During 1998, a series of full scale experiments have been carried out in the Welbeck Colliery training gallery. These were first carried out without a continuous miner in the heading and then repeated with the miner at the head end. Anemometry and tracer gas was used to ascertain the airflow patterns at the head end and over the machine. A 1/10th scale model has been used to compare the data obtained from flow visualisation, pressure measurement and laser Doppler anemometry with data from CFD models. The work continues.
Further work has been carried out by IMC, with funding from the Coal Authority, on developing methods for assessing the gas emission potential for closed and closing collieries. Fundamental to the calculations is the premise that gas emission only occurs from those seams disturbed by mining and those which were able to release gas during the mining process.
Assessing the gas emission potential involves zoning the area around a colliery, and other linked sealed collieries, into areas with the same extraction history and calculating their area. Combining their area and the gas content data allows an assessment of the remaining gas with the potential for release to the atmosphere. If such gas is not vented then pressure will build up in the workings to the point where gas could escape from any existing, unplanned routes. If the gas is vented or pumped the calculations provide a comparative assessment of the volumes of gas that may be released.
The currently available data indicates that the gas pressure within old sealed workings increases in exponential form, suggesting that the flow of recharge decreases in line with the closeness to some limiting pressure within the mine void. Studies indicate that a sealed mine, or a mine under pump test conditions, can be modelled as a void of a fixed volume connected to the surface vent, with a gas feed into the void which is proportional to the difference between the pressure within the void and some limiting gas pressure. This finding is an extension of previous findings regarding descriptions of breathing voids under atmospheric pressure. The coefficient of proportionality between the pressure difference and the flow into the void can differ greatly for different sites. It is this coefficient which determines the suction pressure required to be applied to a mine to obtain any required flow. It is suspected that the coefficient is likely to increase with time as the driving pressure decreases within the strata.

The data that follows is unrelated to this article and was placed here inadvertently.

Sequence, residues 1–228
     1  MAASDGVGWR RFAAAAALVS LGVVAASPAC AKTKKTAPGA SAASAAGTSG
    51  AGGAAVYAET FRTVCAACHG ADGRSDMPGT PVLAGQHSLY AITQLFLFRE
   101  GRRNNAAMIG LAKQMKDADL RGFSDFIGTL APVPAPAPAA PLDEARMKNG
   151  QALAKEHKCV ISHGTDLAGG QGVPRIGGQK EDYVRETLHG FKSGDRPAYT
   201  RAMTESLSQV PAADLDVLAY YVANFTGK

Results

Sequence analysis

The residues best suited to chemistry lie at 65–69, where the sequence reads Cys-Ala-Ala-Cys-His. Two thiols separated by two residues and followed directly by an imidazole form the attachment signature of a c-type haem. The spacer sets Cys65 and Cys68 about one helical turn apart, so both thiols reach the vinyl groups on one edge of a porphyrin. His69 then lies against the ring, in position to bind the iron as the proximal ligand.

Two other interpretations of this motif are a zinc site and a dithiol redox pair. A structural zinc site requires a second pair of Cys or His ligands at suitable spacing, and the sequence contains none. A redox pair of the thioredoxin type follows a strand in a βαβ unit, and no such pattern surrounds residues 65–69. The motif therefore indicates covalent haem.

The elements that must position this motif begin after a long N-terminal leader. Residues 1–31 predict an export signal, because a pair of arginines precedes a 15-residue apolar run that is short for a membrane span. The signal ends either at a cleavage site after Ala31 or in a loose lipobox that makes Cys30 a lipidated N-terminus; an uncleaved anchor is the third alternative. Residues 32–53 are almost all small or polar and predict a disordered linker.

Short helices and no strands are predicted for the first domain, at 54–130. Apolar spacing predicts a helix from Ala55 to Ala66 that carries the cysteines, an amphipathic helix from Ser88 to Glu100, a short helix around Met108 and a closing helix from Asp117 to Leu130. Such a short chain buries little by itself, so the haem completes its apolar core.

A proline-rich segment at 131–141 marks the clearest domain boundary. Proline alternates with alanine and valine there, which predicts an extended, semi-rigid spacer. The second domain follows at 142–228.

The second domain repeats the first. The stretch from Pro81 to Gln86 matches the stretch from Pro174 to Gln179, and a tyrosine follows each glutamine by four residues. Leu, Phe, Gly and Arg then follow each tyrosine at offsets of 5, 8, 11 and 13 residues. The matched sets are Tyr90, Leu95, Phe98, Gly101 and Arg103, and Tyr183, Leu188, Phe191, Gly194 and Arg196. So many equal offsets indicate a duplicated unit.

The combination of assessment of the potential reservoir and the behaviour of gas flows after shut in, and/or pump tests gives a rounded view on the potential gassing future of abandoned mined sites and the potential pressures developed.
The studies have also highlighted the great importance of water levels on the potential gas emission from mines. Rising water levels may pressurise the gas and force gas within void space into the atmosphere. Conversely, the rate of flow of water may be much smaller than the rate of flow of gas from the mine, and by flooding gas sources the potential gas emission can easily be decreased due to sealing of coal seams by water pressure.